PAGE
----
- Conference Paper
In conventional grinding processes a huge partition of the machining energy is received by the workpiece. Damage due to high thermal load might happen on the surface as well as in sublayers of the workpiece where favourable process parameters and optimized coolant supply are stringent to avoid them. To detect thermal damage known as grinding burn various established techniques like barkhausen noise measurement for ferromagnetic materials or the NITAL-etching test are available for measurement after the workpiece is machined. In this work the development and influencing factors of grinding burn are studied by a continuously in-process and workpiece based measurement of the temperatures in cylindrical grinding. A two-color pyrometer is used with a rotary joint between the rotating and stationary fibre from the workpiece to the sensor element. The radial and circumferential temperature profiles below the workpiece surface are measured to determine the thermal limits and temperature gradients. Due to the high temporal resolution the temperature gradient for single workpiece revolutions can be shown and evaluated. The heating and cooling rates are calculated and compared for different depths in the workpiece, where the heating rates are up to 50 times higher than the cooling rates depending on the distance to the surface. The knowledge can help to model grind hardening processes which rely on finite element simulations of the temperature distribution in the workpiece. Show more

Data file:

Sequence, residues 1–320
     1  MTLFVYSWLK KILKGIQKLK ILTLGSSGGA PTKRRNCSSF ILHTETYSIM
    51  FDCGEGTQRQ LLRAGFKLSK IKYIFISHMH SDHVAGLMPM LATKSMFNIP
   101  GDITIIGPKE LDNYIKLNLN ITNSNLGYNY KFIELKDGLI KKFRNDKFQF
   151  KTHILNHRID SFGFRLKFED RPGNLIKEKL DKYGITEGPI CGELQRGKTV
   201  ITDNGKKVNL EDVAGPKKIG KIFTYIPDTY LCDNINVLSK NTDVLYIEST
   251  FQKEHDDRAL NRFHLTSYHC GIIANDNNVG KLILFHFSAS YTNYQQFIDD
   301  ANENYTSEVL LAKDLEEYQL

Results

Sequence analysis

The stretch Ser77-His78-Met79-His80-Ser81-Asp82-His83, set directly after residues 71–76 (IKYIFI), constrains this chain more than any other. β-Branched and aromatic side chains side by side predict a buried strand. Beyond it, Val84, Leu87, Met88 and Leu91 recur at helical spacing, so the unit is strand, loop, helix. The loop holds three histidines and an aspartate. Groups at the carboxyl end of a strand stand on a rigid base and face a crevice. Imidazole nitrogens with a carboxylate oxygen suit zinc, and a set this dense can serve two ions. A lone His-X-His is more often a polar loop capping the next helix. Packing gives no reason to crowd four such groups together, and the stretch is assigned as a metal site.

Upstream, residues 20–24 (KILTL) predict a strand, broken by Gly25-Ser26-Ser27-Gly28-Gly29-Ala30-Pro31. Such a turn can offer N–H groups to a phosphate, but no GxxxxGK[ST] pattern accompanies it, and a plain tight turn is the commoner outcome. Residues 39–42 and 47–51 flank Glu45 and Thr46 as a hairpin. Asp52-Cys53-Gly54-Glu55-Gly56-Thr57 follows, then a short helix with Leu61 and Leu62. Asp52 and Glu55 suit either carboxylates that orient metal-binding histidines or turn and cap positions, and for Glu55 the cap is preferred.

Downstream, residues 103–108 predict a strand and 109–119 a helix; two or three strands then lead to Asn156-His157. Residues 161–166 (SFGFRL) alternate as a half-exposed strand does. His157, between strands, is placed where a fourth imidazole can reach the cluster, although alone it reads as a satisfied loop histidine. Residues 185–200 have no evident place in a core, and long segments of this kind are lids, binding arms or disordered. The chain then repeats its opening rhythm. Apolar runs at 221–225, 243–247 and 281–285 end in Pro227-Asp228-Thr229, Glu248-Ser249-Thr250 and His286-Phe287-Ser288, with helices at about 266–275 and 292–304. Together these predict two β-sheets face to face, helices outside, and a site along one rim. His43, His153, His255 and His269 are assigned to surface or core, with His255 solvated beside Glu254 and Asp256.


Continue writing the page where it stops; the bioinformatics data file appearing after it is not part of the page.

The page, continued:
Book title8th CIRP Conference on High Performance Cutting (HPC 2018)
Journal / seriesProcedia CIRP
Pages / Article No.
SubjectGrinding; Hardening; Heat treatment; In-process measurement
Organisational unit03641 - Wegener, Konrad / Wegener, Konrad
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